more test posting
Written by Amelia Dogan
Maybe you’re one of the only of your friends left in Philly over the summer. Maybe you didn’t want to go to the beach and deal with all the sand. Maybe you have a free day and are bored. Maybe you want to hang out somewhere with your friends that is air conditioned. Whatever the reason, look no further than to museums for your FREE summer fun.
Art can be confusing. It’s not easy to look at a painting or installation and immediately understand all of it. Sometimes artists have a specific vision, technique, or history they are referencing. All of these different methods of looking at art can cause a lot of people to just give up with contemporary art when in reality there is someone there to help you. This is where the ICA’s Extra Credit series comes in. On most Sunday afternoons in the summer starting at noon, the ICA has artists, experts, and professors coming in to teach about different aspects of art. Maybe you’re interested in propaganda, public art, or writing about art. Find out more topics here!
Summer can also be confusing. Everyone is in their feelings (RIP Summer of Drake 2018); the weather is hot, people are out here being messy. Sometimes, all I want is to step back and take a breather. Remind myself that none of this is permanent. Before starting hectic filled weekends, a meditation can be useful. Don’t let the word meditation freak you out; you’re not signing up to be Buddhist monk for the rest of your life. It’s beginner friendly. Often the instructors will talk to you throughout the meditation. The ICA offers on Fridays at noon a one hour meditation session called Mindfulness at the Museum.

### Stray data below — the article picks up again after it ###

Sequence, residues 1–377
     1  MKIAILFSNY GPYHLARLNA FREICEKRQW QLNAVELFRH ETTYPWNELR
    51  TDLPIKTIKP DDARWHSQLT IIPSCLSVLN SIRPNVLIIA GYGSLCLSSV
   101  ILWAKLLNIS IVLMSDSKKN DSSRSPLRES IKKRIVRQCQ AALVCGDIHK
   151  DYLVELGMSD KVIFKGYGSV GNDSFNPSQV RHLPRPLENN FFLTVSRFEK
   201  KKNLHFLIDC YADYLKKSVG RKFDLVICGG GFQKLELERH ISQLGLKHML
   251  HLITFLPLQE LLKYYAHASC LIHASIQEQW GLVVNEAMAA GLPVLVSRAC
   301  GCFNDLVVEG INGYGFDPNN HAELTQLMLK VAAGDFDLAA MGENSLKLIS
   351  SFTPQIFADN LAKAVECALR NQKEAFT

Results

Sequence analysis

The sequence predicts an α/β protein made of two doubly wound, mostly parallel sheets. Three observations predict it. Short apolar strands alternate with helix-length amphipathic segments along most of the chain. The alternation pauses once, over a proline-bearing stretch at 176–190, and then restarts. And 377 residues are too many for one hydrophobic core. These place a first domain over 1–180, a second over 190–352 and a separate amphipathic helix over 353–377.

Another thing to look forward to is Bloomsday, a day dedicated to the book Ulysses by James Joyce. This year it is onJune 16 which is also Father’s Day. The book Ulysses is set in Dublin and considered one of the great literary classics. The Rosenbach in the Rittenhouse Square neighborhood offers a read-along and musical performances throughout the day (11AM – 8PM). The Rosenbach museum will also be free all day and there will be food trucks. The even is open to everyone from James Joyce fans to people who have never heard of Ulysses. For more information check here!
Enjoy your summer!
Written by Amelia Dogan
Sure, it’s great when I have a friend to go to a museum with, but more often than not, most of my friends are not available or not interested in going to museum with me. They find museums dull, unengaging, or otherwise unwelcoming to them. Those feelings though, are a part of a much larger question about who cultural institutions welcome and are inclusive towards. All young people should feel confident using the STAMP pass to engage more with Philadelphia. However, that is not the purpose of my post today; I want to talk about the discomfort of being alone at an event.